Vitamin C is an essential water-soluble vitamin involved in more then 300 biochemical pathways in the body and is necessary for normal growth and development. Vitamin C cannot be synthesised by the human body and needs to be obtained from dietary sources. It plays a very complex role in the body, one of its most important functions is as a powerful antioxidant, it prevents the oxidation of vitamins A and E and protects body tissue against damage from free radicals. Vitamin C helps to facilitate the absorption of iron and calcium and is essential for the utilisation of folic acid. It is necessary for the formation of the connective tissue collagen, an important protein used to form healthy blood vessels, skin, cartilage, ligaments and tendons. Vitamin C also plays an important role in immune function, tissue growth and repair and may support the healthy maintenance of bones, gums and teeth. More than ten thousand scientific papers have been written about the beneficial aspects of vitamin C, and since it’s discovery the vitamin has been considered a universal panacea by some people. Smoking depletes the body’s level of vitamin C.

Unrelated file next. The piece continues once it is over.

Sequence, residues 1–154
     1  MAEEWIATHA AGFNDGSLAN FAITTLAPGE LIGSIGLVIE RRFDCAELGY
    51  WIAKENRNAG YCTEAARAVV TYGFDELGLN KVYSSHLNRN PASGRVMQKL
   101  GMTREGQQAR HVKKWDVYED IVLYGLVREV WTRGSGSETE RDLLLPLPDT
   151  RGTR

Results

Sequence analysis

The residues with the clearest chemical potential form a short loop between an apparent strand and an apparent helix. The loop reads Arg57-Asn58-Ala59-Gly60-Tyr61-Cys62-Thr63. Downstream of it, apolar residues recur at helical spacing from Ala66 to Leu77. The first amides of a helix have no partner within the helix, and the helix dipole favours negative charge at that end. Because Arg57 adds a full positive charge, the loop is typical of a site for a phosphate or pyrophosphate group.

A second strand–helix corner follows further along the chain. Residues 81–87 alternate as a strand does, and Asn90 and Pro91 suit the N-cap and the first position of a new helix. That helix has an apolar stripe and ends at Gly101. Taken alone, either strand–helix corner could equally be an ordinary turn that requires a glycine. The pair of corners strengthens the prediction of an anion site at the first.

Flavonoids are also commonly referred to as bioflavonoids, they are an amazing array of over four thousand colourful water-soluble antioxidants found in virtually all plants. They are responsible for many of the plant pigments that dazzle us with their brilliant shades of yellow, orange and red. Flavonoids are polyphenolic compounds, and according to their chemical structure, they are categorised as anthocyanidins, catechins, chalcones, flavanones, flavones, flavonols and isoflavones. Some of the common flavonoids used in food supplements include citrus fl avonoids, hesperidin, rutin and quercetin. Flavonoids have a powerful antioxidant activity and enhance the body’s absorption and utilisation of vitamin C. Their actions are similar to vitamin C and are particularly important in maintaining the integrity of blood vessels.
Rose Hips are the fruit of a rose that develop after the petals have fallen. During World War II when imports of citrus products were limited, rose hips became especially popular in Great Britain to ensure vitamin C intake. Rose hips are one of the richest natural sources of bioflavonoids and vitamin C, having a much higher content than citrus fruits.